The Road Ahead: Reimagining Mobility, on view at the Cooper Hewitt, Smithsonian Design Museum from December 14 through March 31, will feature 40 projects that explore salient topics around the future of mobility and the urban environment. The exhibition will be punctuated with six provocations and a selection of design responses that reimagine livable streets and the way people, goods and services will move in a new age of connected and transformational mobility.
The exhibition will examine accessibility, equity, trust, safety and security, the efficient movement and delivery of freight, smart infrastructure and the use of sidewalks and curb sharing. These challenges present a critical opportunity to pursue a new user-centered vision for streets and infrastructure to create more livable, inclusive and equitable cities, with services, ride-sharing and mass-transit solutions that minimize greenhouse gases and address the users' needs.
"'The Road Ahead' points to several possible futures for our cities and asks audiences to consider how design will improve and expand options for urban transport," commented Cooper Hewitt Director Caroline Baumann. "Inviting our visitors to consider and creatively think about the possible outcomes provided by the revolutionary new technologies on the horizon-from grocery-delivering robots to autonomous shuttle services-the exhibition encourages public engagement in the civic dialogue needed to ensure that new designs for mobility are sustainable, equitable and life-improving for all."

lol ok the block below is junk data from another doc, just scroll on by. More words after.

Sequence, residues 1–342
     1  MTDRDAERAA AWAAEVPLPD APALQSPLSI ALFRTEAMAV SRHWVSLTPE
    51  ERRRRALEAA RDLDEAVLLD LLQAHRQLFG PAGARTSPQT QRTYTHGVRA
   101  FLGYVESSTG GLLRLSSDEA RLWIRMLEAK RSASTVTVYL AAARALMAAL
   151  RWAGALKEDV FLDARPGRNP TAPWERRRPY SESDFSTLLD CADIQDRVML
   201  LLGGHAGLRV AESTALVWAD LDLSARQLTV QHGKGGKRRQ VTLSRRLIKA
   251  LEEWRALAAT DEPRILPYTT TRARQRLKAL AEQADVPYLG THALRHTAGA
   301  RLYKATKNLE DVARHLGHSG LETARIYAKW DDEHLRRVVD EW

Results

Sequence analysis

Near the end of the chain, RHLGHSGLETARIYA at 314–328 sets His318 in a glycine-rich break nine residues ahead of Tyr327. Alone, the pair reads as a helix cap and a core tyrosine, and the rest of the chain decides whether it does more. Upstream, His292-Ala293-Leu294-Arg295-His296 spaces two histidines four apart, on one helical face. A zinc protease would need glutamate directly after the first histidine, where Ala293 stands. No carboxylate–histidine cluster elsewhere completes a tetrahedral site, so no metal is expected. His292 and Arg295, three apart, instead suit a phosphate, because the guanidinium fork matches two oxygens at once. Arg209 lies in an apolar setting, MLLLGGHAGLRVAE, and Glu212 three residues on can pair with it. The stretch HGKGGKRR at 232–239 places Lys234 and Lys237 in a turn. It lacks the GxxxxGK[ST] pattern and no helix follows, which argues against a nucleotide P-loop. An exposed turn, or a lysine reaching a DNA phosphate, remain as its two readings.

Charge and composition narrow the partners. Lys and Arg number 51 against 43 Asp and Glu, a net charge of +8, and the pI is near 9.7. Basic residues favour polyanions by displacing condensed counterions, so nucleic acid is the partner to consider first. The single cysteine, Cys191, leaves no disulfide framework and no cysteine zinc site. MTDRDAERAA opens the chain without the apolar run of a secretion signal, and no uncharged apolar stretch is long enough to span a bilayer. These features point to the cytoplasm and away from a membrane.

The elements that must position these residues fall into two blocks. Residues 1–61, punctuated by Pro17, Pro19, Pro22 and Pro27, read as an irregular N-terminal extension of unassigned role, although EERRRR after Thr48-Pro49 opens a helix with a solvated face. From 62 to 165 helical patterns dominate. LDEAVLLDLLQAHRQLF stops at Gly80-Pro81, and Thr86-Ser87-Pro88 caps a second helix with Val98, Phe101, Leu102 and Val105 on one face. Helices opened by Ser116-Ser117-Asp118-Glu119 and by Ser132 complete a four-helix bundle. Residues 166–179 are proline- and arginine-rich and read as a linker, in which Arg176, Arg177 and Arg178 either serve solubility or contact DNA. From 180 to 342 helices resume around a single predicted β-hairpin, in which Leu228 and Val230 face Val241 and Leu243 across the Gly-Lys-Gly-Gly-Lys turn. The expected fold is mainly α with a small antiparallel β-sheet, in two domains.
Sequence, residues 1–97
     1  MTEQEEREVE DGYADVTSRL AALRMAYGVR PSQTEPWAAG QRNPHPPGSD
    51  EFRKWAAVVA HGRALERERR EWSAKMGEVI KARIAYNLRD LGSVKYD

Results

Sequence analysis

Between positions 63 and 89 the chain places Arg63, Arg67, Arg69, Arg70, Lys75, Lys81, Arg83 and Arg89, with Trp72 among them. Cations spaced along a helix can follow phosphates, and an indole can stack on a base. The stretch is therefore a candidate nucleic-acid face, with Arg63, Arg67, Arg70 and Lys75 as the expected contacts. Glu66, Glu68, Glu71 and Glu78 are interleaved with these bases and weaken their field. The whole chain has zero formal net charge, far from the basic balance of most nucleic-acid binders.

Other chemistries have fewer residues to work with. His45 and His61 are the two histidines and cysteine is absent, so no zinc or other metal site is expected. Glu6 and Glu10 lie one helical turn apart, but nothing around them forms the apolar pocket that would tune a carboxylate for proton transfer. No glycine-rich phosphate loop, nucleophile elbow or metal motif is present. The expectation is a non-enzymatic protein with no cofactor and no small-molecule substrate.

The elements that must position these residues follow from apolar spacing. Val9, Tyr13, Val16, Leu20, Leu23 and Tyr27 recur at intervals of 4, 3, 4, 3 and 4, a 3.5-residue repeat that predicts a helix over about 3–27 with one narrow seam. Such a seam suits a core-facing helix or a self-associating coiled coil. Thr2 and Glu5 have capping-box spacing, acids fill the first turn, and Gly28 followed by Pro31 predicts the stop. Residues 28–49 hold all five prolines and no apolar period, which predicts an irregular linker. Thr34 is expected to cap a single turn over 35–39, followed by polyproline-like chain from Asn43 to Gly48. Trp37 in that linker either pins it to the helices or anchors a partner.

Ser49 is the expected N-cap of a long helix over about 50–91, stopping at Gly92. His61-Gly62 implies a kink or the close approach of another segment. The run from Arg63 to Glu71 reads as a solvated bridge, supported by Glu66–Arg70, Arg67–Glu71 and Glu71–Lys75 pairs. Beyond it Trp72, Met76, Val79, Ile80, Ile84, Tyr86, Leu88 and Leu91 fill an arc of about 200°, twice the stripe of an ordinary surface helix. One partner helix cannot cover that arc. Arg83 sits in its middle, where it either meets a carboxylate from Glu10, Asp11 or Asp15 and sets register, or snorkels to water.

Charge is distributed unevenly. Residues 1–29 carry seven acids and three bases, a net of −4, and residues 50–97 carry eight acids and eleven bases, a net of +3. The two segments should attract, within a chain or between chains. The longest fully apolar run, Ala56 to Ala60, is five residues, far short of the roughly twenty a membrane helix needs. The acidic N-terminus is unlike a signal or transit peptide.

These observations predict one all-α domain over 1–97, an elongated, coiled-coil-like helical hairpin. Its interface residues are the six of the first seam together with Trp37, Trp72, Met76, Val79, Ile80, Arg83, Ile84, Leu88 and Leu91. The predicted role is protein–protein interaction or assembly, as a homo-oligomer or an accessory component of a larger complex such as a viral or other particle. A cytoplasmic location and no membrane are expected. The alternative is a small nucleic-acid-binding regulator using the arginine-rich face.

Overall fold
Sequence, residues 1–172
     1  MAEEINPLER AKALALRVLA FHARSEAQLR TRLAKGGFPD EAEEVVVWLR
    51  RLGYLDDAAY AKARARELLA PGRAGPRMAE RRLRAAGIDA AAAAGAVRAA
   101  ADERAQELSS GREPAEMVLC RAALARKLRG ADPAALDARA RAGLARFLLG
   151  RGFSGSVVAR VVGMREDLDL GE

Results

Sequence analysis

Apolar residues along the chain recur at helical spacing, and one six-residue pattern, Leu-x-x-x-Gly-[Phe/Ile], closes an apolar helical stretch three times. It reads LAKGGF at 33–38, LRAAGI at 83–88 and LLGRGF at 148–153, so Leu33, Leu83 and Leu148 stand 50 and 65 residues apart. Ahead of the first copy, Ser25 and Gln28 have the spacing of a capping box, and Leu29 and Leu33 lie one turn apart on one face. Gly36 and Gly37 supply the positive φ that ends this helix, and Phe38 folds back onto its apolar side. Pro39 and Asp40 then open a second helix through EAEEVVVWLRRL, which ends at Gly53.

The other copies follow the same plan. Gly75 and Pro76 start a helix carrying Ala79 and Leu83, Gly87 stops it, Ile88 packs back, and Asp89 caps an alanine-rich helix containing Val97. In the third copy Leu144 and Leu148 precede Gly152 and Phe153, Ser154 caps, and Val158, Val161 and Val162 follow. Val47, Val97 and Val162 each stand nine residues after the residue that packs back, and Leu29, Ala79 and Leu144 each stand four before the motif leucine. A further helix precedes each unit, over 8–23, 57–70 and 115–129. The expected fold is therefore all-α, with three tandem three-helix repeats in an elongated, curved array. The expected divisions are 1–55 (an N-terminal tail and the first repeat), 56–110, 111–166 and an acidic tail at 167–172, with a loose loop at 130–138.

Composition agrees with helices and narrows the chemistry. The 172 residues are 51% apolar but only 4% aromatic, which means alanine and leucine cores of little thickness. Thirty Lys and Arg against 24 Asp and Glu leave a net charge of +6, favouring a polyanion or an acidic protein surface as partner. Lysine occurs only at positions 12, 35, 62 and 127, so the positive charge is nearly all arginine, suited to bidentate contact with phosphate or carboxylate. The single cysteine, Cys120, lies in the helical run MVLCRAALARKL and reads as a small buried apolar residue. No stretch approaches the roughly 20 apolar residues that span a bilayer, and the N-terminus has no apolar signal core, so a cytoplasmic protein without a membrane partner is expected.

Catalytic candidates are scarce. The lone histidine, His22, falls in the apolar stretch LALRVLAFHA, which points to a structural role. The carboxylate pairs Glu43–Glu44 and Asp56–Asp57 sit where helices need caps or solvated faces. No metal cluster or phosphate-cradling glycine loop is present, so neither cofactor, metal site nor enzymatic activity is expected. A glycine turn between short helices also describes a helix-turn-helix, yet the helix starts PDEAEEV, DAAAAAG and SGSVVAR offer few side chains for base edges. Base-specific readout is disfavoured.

Visitors will be welcomed by 'Sounds of the Future City,' an immersive sound experience created by Arup, which speculates on how cities might sound in the future as new technologies arrive in the public space. Additional works on view include Starship's self-driving delivery robot; Zipline's autonomous delivery drone; Höweler + Yoon's Shareway concept for efficient mobility networks; FXCollaborative's Public Square model for greener, more walkable and lively public space; Waymo's sensing technology for autonomous vehicles to navigate roads safely; and Local Motors' Accessible Olli, an autonomous shuttle accessible to people with physical and cognitive disabilities.
A selection of historic examples from Cooper Hewitt's collection and the Smithsonian Design Library will highlight past visions of mobility, including a 1955 concept-car drawing from the office of General Motors and a 1939 booklet documenting the Futurama exhibit and ride at the New York World's Fair.
Photo: Courtesy of Renault
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